Rathlin ferryman to the rescue for refugees

Refugees arrive in Greece where they are met by a rescue team including several volunteers from Northern Ireland

Over the past year the skipper of the Rathlin Island ferry has been using his seafaring experience to rescue boatloads of refugees in the Mediterranean.

Michael Cecil’s work as part of a rescue team alongside Belfast musician Joby Fox in Greece features in a BBC NI documentary which will be broadcast this evening.

Michael Cecil has made five trips to Greece to help with the rescue operation

In 2015 Mr Fox was among the volunteers in Lesbos waiting for boats of migrants to arrive from Turkey when he set himself the mission of funding and operating a rescue boat.

For this he enlisted the help of Mr Cecil through a mutual friend – art curator Jude Bennett.

Mr Cecil spoke to the News Letter ahead of the True North programme which features their story. He said: “I got a call to say, ‘we’ve got a boat, we understand you work on boats, can you show us how it works?’ I said, ‘it’s not that simple, but I’ll come out and see what I can do’.”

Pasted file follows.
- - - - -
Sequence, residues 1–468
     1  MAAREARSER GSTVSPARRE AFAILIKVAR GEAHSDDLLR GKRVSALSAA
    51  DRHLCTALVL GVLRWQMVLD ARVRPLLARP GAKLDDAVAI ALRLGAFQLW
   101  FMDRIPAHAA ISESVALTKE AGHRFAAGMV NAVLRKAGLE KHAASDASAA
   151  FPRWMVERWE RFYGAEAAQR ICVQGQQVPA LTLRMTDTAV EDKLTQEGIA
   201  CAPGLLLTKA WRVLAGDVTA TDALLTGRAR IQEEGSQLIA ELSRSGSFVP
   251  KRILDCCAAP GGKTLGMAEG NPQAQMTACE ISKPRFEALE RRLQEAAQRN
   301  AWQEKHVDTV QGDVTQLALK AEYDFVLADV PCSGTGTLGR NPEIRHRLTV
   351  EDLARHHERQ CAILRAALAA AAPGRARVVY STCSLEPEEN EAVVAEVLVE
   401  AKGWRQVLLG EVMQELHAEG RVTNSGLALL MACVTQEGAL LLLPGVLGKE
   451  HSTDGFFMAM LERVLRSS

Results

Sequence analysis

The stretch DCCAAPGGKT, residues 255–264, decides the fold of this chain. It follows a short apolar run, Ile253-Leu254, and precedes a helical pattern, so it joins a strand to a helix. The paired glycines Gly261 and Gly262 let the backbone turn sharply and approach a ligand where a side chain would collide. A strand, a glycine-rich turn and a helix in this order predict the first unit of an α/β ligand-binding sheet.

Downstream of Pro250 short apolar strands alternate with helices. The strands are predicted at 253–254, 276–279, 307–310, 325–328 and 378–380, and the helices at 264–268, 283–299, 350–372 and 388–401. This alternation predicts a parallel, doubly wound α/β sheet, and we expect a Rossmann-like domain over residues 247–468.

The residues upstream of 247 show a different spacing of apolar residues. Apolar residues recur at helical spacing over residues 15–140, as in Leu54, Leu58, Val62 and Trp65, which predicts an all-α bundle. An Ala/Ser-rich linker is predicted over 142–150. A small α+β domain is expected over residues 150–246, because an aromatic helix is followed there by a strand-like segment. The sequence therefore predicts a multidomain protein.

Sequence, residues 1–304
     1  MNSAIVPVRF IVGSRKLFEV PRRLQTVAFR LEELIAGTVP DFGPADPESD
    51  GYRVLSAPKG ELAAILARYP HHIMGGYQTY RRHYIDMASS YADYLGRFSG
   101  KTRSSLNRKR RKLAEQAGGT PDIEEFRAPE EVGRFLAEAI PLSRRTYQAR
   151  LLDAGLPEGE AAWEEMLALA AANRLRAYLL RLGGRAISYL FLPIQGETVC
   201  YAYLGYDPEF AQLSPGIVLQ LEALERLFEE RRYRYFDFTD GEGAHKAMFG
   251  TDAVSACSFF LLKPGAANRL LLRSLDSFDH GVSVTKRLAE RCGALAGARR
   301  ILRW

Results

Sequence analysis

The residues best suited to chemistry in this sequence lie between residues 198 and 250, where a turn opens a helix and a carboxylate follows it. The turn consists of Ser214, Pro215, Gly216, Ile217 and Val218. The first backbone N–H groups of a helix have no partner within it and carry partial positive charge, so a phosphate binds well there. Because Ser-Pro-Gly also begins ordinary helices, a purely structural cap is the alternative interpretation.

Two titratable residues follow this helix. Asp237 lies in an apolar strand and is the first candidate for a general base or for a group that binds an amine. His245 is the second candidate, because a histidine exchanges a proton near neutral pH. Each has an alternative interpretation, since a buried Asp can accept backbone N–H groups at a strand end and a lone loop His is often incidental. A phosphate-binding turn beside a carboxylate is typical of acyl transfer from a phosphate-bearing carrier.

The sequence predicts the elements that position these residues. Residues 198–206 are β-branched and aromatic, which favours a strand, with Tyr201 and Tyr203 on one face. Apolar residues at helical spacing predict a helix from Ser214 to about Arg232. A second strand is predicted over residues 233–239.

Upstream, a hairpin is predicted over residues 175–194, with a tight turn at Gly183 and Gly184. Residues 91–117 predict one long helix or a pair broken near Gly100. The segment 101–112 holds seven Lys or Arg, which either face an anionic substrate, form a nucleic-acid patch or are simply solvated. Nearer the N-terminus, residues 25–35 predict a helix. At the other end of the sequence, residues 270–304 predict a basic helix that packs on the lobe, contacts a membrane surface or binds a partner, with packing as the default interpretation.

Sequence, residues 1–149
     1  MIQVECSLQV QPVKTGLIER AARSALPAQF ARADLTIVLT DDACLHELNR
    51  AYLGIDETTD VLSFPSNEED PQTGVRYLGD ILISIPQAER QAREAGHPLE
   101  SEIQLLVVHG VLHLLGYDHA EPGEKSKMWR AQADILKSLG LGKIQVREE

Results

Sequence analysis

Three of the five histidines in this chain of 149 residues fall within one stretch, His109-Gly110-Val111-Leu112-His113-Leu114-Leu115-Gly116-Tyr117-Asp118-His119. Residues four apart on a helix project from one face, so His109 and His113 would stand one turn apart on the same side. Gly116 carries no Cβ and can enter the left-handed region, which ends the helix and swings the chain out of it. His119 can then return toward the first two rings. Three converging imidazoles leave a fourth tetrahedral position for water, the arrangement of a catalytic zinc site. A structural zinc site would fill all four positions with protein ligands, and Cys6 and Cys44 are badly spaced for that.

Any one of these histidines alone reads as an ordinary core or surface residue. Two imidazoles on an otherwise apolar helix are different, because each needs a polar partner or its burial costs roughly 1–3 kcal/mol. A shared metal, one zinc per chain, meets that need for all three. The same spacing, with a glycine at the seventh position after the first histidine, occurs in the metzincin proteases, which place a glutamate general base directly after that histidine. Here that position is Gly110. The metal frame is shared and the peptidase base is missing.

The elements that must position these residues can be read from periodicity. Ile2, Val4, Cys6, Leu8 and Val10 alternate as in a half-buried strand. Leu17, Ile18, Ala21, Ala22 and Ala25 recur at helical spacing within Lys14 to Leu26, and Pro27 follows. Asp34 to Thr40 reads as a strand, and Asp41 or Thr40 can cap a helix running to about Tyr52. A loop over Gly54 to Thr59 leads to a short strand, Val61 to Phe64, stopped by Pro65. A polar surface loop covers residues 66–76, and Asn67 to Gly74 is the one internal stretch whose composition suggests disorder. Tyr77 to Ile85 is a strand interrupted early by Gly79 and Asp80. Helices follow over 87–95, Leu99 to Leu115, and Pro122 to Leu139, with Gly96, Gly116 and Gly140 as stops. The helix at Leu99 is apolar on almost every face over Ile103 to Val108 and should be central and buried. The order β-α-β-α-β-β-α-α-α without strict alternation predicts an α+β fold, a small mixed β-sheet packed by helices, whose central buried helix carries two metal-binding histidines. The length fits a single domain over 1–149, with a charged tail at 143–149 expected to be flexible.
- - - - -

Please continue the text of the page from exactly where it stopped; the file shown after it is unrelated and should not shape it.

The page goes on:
He added: “We sat down and put together a professional plan of what we would be doing as a search and rescue operation.

“The first time I was out was for three weeks in January 2016. It was so surreal. A refugee boat had just arrived and just seeing 65 people coming off a boat was quite traumatic at the time.

“But what really stood out for me was there was no police, coastguard or ambulance there, just volunteers. That was normal and has stayed normal to this day. The authorities don’t really get involved in any of this.”

The 47-year-old father of three has been to Greece five times to lend his personal support to the rescue operation he helped set up.

Of his experiences he said: “The media focuses on the disasters, the drownings, and you don’t really see that so much. There were some occasions that you would see bodies washed up on the beach, some young children, that was quite difficult.

“There were times you were dealing with rubber boats coming in in bad weather during the night, that could be quite intense because you have people clinging on to rocks.

“These people are fearful of authorities. If they see us coming with a boat with lights on it, and our kit on, we do look like port police or customs, so it takes the first five or 10 minutes to get their trust.

“They have no idea they have actually made it to Greece, for all they know they may have ended up back in Turkey.

“Within an hour or two we have all that under control and we’re able to bring them safely ashore and get them warmed up.”

• True North: The Crossing which follows the team in their inflatable boat named ‘Mo Chara’ (‘My Friend’) will be broadcast tonight at 10.40 on BBC One NI.

More from Whats on